. This is the instruction that was logged immediately before the emulator reached our breakpoint. You can see that A contains 37, which is the Tile ID for "T". Our job is to find out where in the ROM that 37 came from, and then find out where the code that loaded that 37 is, so we'll start working backwards.
17) Where did A get its value of 37 from? The previous line in the trace log is
$FE45:BD 00 03 LDA $0300,X @ $0314 = #$37 A:5F X:14 Y:0A S:E8 P:nvUbdIzc
which shows that the value of A came from $0314. $0314 corresponds to system RAM, not ROM, so we'll backtrack to find out where $0314 got its value from.
18) Searching backwards in the trace file for "$0314" takes us to
$ACA1:B9 36 64 LDA $6436,Y @ $6444 = #$37 A:5F X:14 Y:0E S:E9 P:nvUbdIzc
$ACA4:9D 00 03 STA $0300,X @ $0314 = #$5F A:37 X:14 Y:0E S:E9 P:nvUbdIzc
which shows us that $0314 got its 37 from $6444. $6444 corresponds to cartridge RAM, not ROM, so we'll backtrack to find out where $6444 got its value from.
19) Searching backwards in the trace log for "$6444" takes us to
$A562:BD 35 64 LDA $6435,X @ $6444 = #$37 A:18 X:0F Y:05 S:EC P:NVUbdIzc
which we don't care about since LDA is a read command, not a write command. Going further backwards takes us to
$A555:AD DD 64 LDA $64DD = #$37 A:0E X:0E Y:05 S:EC P:nvUbdIzc
$A558:9D 36 64 STA $6436,X @ $6444 = #$5F A:37 X:0E Y:05 S:EC P:nvUbdIzc
which shows us that $6444 got its 37 from $64DD. $64DD corresponds to cartridge RAM, not ROM, so we'll backtrack to find out where $64DD got its value from.
20) Searching backwards in the trace log for "$64DD" takes us to
$A62E:BD C9 64 LDA $64C9,X @ $64D2 = #$37 A:FF X:09 Y:05 S:EE P:nvUbdIzC
$A631:8D DD 64 STA $64DD = #$5F A:37 X:09 Y:05 S:EE P:nvUbdIzC
which shows us that $64DD got its 37 from $64D2. $64D2 still corresponds to cartridge RAM, not ROM, so we'll keep backtracking to find out where $64D2 got its value from.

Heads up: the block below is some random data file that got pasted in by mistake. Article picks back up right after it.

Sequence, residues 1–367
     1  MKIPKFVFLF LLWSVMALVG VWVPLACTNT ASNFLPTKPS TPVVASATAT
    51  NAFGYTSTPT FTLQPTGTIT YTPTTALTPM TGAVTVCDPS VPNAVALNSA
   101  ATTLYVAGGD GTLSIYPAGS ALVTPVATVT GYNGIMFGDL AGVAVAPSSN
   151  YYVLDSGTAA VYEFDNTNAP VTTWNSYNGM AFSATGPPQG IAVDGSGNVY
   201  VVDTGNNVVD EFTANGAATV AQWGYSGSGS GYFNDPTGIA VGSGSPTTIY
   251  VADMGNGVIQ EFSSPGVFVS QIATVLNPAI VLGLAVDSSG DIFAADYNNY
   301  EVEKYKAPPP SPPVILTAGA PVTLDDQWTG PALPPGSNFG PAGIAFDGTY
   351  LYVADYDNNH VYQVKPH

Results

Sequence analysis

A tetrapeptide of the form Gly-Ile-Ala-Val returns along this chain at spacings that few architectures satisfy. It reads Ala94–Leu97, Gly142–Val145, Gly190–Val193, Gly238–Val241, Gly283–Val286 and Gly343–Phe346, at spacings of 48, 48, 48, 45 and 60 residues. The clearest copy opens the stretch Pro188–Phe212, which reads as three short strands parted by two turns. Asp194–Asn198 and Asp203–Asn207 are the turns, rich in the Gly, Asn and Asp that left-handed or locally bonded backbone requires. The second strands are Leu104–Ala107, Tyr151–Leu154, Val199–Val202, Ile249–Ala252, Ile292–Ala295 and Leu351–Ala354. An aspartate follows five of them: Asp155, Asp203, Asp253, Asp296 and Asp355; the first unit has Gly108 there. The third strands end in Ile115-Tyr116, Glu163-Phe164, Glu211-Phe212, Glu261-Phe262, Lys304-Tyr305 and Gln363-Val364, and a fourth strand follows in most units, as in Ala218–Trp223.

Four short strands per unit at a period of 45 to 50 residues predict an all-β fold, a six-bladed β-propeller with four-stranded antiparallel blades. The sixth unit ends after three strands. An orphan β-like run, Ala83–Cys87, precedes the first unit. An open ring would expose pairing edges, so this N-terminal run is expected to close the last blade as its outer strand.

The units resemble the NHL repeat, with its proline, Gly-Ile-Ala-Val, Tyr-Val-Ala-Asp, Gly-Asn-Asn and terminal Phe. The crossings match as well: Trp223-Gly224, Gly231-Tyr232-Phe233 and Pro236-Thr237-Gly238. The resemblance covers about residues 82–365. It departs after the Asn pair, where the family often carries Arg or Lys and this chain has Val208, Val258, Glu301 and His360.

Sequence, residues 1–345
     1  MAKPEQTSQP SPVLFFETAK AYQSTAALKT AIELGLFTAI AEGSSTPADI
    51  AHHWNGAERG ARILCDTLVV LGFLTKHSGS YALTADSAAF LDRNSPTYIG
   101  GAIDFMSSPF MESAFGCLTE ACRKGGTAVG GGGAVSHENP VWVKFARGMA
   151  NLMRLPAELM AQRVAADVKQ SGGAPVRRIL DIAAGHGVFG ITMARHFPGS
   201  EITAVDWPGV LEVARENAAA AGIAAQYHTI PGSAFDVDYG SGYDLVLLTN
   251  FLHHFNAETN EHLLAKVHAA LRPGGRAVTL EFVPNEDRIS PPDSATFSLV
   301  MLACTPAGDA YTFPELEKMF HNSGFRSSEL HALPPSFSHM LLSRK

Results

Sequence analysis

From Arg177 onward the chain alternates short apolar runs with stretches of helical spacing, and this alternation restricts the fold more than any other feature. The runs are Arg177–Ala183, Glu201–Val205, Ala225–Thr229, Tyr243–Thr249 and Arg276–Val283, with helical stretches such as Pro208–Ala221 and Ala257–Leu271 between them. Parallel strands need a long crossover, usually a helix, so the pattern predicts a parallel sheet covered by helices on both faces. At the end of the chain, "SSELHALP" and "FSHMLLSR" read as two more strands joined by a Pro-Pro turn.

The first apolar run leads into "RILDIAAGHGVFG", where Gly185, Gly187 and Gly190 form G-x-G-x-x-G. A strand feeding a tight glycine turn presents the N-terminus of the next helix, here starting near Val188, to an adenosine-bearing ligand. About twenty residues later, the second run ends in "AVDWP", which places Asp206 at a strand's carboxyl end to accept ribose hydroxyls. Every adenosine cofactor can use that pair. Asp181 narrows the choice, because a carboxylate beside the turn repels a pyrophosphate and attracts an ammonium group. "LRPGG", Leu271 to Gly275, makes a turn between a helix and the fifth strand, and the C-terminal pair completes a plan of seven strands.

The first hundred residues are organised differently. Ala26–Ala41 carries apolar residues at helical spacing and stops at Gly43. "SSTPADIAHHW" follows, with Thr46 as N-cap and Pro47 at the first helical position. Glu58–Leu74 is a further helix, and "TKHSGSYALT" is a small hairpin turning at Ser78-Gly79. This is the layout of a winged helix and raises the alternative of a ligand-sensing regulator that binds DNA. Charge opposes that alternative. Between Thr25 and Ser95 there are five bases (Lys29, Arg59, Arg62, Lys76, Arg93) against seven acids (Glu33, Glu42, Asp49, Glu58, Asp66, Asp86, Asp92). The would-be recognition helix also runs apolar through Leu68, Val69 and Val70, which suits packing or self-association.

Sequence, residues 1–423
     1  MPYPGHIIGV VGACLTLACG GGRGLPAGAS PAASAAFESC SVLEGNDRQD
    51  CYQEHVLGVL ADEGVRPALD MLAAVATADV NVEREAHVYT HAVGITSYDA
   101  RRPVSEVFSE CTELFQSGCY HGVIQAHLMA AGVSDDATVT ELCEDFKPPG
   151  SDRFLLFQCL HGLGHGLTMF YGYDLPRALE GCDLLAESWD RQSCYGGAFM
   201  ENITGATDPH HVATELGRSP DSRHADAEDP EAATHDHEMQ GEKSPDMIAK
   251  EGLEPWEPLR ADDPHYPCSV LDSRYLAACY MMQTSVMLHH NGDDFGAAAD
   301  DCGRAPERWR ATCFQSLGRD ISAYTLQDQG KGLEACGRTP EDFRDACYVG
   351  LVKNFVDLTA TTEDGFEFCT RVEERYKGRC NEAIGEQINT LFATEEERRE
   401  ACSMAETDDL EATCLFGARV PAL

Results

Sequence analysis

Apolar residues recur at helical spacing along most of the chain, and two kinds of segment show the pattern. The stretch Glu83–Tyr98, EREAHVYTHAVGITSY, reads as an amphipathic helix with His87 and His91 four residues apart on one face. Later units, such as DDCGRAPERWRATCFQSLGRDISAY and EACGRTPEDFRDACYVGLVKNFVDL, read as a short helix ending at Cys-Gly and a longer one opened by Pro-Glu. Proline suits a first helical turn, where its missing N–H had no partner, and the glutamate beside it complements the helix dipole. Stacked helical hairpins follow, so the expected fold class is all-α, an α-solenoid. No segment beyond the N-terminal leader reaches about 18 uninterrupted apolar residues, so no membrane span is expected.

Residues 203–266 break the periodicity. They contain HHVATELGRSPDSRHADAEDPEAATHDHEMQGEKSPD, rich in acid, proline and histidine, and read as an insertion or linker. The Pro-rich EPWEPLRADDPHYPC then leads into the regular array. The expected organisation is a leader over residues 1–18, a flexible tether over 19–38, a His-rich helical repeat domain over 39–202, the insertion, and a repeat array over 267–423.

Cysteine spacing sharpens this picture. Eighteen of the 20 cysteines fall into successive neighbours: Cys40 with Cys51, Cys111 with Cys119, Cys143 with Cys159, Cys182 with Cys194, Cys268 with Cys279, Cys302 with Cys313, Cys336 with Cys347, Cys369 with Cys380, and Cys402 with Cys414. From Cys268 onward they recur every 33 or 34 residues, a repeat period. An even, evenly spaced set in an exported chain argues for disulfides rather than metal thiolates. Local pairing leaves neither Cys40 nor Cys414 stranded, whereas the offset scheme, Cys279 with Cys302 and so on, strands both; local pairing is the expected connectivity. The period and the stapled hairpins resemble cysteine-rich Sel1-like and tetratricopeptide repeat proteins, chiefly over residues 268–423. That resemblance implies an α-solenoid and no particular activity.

21) Searching backwards in the trace log for "$64D2" takes us to
$A85E:65 A1 ADC $00A1 = #$B7 A:76 X:00 Y:76 S:EC P:nVUbdIzc
$A860:85 A1 STA $00A1 = #$B7 A:2D X:00 Y:76 S:EC P:nvUbdIzC
$A862:90 02 BCC $A866 A:2D X:00 Y:76 S:EC P:nvUbdIzC
$A864:E6 A2 INC $00A2 = #$BA A:2D X:00 Y:76 S:EC P:nvUbdIzC
$A866:A0 00 LDY #$00 A:2D X:00 Y:76 S:EC P:NvUbdIzC
$A868:AE E2 64 LDX $64E2 = #$09 A:2D X:00 Y:00 S:EC P:nvUbdIZC
$A86B:B1 A1 LDA ($A1),Y @ $BB2D = #$37 A:2D X:09 Y:00 S:EC P:nvUbdIzC
$A86D:C9 FF CMP #$FF A:37 X:09 Y:00 S:EC P:nvUbdIzC
$A86F:F0 07 BEQ $A878 A:37 X:09 Y:00 S:EC P:nvUbdIzc
$A871:9D C9 64 STA $64C9,X @ $64D2 = #$5F A:37 X:09 Y:00 S:EC P:nvUbdIzc
which shows us that $64D2 got its 37 from $BB2D. $BB2D corresponds to ROM, so we've found the start of "Torch". Hurray! Alas, FCEUX's trace log doesn't indicate which ROM banks were visible in RAM at that point, but with a little extra digging (left as an exercise for the reader) we can figure out that RAM $BB2D is ROM 0x7B3D.
So, we're halfway there. Now, how about that ($A1)? We can see that the old value of $A1-$A2 was $BAB7 (which happens to be 0x7AC7, i.e. the start of both "Bamboo" and the entire item list), but how did $A1-$A2 get to be $BAB7? Let's backtrack some more.
22) Searching backwards in the trace log for "$00A1" takes us to
$A823:0A ASL A:02 X:04 Y:02 S:E9 P:nVUbdIzc
$A824:AA TAX A:04 X:04 Y:02 S:E9 P:nVUbdIzc
$A825:BD 30 A8 LDA $A830,X @ $A834 = #$B7 A:04 X:04 Y:02 S:E9 P:nVUbdIzc
$A828:85 A1 STA $00A1 = #$FF A:B7 X:04 Y:02 S:E9 P:NVUbdIzc
$A82A:BD 31 A8 LDA $A831,X @ $A835 = #$BA A:B7 X:04 Y:02 S:E9 P:NVUbdIzc
$A82D:85 A2 STA $00A2 = #$A3 A:BA X:04 Y:02 S:E9 P:NVUbdIzc
which makes it look like $A1-$A2 is the third pointer (pointers are 2 bytes long, so the first pointer is X=00, the second is X=02, and we're the third at X=04) in a pointer table starting at $A830 (0x6840). A little further investigation (another exercise for the reader) shows that the $A830-$A831 pointer goes to other places (a pointer table for menu stuff), but $A832 - $A841 are pointers into our lists at $BAB7 - $BE9E (0x7AC7 - 0x7EAE).
And there you have it!